When Johnny met Krista, he was a scruffy hipster working the door at a Gainesville, Fla., nightclub. She was studying at the nearby University of Florida on the way to earning a degree in interior design with a minor in architecture.
After graduating, Krista moved to Portland, Ore., then Atlanta, pulling espresso shots at Starbucks until she networked her way into a job at a small design company. From there, she hopped to one of the city's largest architecture firms, where she is involved in designing the interiors of convention centers, shopping malls, luxury hotels and the occasional big-city aquarium. It's a solid, white-collar job with plenty of opportunity for advancement.
As Krista was making her career climb, Johnny played bass in various indie-rock bands. He worked construction jobs, did plumbing and, for a while, was employed as a sous chef in New York. He spent two years as a runway model, shuttling between London, Paris and Milan. Finally, he moved to Atlanta to join an up-and-coming band called the Hiss just before a blast of fame sent the group on tour with the likes of Oasis and the White Stripes across the United States and Europe. It was a wild ride that petered out after a couple of years or so.
By then, Krista and Johnny, who'd become reacquainted in Atlanta, were dating seriously. When they got married last year, Johnny Kral, now 27, was confronted with the real-life decision that every musician dreads. Putting his rock-star dreams aside to pursue a more practical livelihood, Kral left the band and took a full-time job as an auto mechanic. "I knew we'd be buying a house and having kids and that the band wouldn't provide enough for us financially," he explains.
Now, nearly three months after their first anniversary, the Krals admit money has been tight. It's largely Krista's salary that keeps the couple afloat financially.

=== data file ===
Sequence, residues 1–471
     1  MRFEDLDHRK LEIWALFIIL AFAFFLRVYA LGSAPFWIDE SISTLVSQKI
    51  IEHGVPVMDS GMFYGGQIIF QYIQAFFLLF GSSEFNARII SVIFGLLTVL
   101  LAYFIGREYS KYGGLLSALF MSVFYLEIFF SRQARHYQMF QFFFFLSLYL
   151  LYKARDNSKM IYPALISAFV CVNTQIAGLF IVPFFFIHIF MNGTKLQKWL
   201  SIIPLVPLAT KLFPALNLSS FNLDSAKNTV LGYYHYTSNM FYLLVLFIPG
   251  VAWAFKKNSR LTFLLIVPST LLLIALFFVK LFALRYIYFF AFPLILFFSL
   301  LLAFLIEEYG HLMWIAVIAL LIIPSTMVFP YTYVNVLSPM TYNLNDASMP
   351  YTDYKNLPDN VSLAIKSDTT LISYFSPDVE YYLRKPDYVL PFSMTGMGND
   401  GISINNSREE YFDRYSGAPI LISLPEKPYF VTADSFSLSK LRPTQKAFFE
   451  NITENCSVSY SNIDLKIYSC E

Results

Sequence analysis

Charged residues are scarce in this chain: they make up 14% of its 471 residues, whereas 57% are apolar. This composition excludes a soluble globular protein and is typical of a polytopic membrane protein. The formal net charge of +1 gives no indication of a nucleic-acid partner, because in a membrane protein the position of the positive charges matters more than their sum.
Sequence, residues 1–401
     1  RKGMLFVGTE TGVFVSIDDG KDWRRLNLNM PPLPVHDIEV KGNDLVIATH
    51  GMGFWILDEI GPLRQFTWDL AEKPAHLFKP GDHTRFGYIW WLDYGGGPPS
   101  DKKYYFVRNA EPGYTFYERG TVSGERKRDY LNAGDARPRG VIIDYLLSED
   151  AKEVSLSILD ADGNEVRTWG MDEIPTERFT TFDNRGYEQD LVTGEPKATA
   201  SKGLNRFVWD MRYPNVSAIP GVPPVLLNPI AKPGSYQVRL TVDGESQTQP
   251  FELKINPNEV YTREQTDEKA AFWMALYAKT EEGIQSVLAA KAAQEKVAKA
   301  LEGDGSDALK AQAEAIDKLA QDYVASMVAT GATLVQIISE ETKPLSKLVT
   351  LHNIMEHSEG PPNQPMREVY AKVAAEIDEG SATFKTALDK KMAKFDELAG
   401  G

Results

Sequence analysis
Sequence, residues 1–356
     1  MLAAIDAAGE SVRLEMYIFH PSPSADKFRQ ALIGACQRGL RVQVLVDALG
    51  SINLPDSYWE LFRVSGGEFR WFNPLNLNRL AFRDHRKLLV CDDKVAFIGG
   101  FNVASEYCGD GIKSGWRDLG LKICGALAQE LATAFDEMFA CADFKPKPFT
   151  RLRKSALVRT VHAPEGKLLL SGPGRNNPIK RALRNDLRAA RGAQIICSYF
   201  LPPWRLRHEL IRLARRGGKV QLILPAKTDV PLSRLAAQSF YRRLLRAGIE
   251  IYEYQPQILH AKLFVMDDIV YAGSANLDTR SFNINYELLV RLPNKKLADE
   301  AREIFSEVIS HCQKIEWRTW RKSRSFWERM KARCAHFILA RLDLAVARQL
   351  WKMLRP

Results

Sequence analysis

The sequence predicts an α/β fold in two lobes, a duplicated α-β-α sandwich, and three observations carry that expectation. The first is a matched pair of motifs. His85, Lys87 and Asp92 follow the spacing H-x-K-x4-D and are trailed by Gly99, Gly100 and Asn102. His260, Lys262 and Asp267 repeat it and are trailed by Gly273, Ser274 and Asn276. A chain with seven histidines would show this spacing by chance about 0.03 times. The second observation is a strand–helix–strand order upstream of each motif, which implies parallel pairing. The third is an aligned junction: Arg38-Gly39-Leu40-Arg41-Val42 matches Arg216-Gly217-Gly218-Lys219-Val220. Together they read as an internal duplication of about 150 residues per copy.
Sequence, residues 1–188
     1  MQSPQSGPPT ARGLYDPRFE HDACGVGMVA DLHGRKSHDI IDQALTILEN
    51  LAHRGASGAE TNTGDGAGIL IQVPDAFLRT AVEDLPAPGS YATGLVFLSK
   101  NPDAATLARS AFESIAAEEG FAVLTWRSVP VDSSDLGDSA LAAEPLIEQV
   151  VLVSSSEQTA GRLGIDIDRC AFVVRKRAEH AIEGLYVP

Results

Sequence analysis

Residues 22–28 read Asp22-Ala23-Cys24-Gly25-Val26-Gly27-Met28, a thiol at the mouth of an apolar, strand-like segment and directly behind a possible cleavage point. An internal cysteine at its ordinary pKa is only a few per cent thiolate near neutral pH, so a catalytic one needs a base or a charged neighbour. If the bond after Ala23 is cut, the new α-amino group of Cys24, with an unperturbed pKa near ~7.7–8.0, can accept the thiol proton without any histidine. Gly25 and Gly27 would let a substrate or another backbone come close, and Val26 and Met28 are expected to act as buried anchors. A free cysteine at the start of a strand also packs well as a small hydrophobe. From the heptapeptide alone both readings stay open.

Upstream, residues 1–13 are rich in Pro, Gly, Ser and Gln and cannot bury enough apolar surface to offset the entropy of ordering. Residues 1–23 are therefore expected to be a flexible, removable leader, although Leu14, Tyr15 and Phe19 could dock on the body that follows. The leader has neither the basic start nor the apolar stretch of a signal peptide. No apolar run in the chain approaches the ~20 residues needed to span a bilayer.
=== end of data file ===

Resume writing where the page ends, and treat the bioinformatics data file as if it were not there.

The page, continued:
But the fact that she earns significantly more than her husband has never been a source of conflict between them, says Krista, 29. It's not as if she expected – or even hoped – he would support her. "I'd be a complete jerk if I resented him," she says. "The only complaint I have with what he makes is that he should get paid more for as hard as he works."
The Krals' situation represents a drastic shift from the '50s and '60s, a time when – if TV shows can be seen as reflecting family norms – husbands like Ralph Kramden frequently bellowed, "No wife of mine is gonna work!" and housewives like Laura Petrie always had Rob's slippers ready and dinner on the table when he got home from a grueling day of writing gags.
It's not just the black-and-white video that makes these shows seem ancient to us now. It was only a few years later that housebound Laura Petrie grew up to become spunky career gal Mary Richards, who, by dint of her own talent and abilities, was destined to "make it after all."
In the three decades since, we've evolved to the "Sex in the City" romance between high-salaried lawyer Miranda and bartender Steve. They broke up at one point when Steve felt inadequate after Miranda tried to buy him an expensive suit, but they eventually married. And while Carrie Bradshaw may be the cultural icon, it is Miranda's and Steve's contentment that reflects a growing trend in marriage where the woman doesn't cook the bacon – she's the one who brings it home.
This past fall, a New York Times article cited a study indicating that, for the first time ever, twentysomething women in the country's largest cities are earning more than their male peers. I know this because my wife read it to me over breakfast with a discernable gleam in her eye.
Though we're removed from our 20s, many of the emerging differences between the sexes mentioned in the article had a familiar ring, such as the increasing number of women today with advanced degrees. My wife has a master's, and as a senior manager with Turner Broadcasting, she's serious about positioning herself to advance up the corporate ladder. I, on the other hand, write for an alt-weekly newspaper.
When we met, my wife was a grad student with a bundle of student loans. After school, she started out slowly, with internships, low-rung jobs and a long, slave-wage stint at a nonprofit arts group. Now, however, she earns what I'll gently describe as, well, vastly more than I do. And if we remain in our respective fields, I expect she always will.
I'm cool with that. I know she's cool with that. With each promotion she earns, I'll joke, "You mean you didn't get the corner office? Dammit, woman!" But the subject got me wondering: If this is a growing trend among our youngers, is anyone – besides Ralph Kramden – not cool with it?
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